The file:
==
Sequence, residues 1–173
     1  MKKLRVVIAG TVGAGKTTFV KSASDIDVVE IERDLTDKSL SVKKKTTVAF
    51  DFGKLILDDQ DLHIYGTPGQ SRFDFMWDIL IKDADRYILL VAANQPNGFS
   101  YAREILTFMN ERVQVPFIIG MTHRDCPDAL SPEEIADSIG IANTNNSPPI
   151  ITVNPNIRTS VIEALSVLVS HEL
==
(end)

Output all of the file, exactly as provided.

Sequence, residues 1–173
     1  MKKLRVVIAG TVGAGKTTFV KSASDIDVVE IERDLTDKSL SVKKKTTVAF
    51  DFGKLILDDQ DLHIYGTPGQ SRFDFMWDIL IKDADRYILL VAANQPNGFS
   101  YAREILTFMN ERVQVPFIIG MTHRDCPDAL SPEEIADSIG IANTNNSPPI
   151  ITVNPNIRTS VIEALSVLVS HEL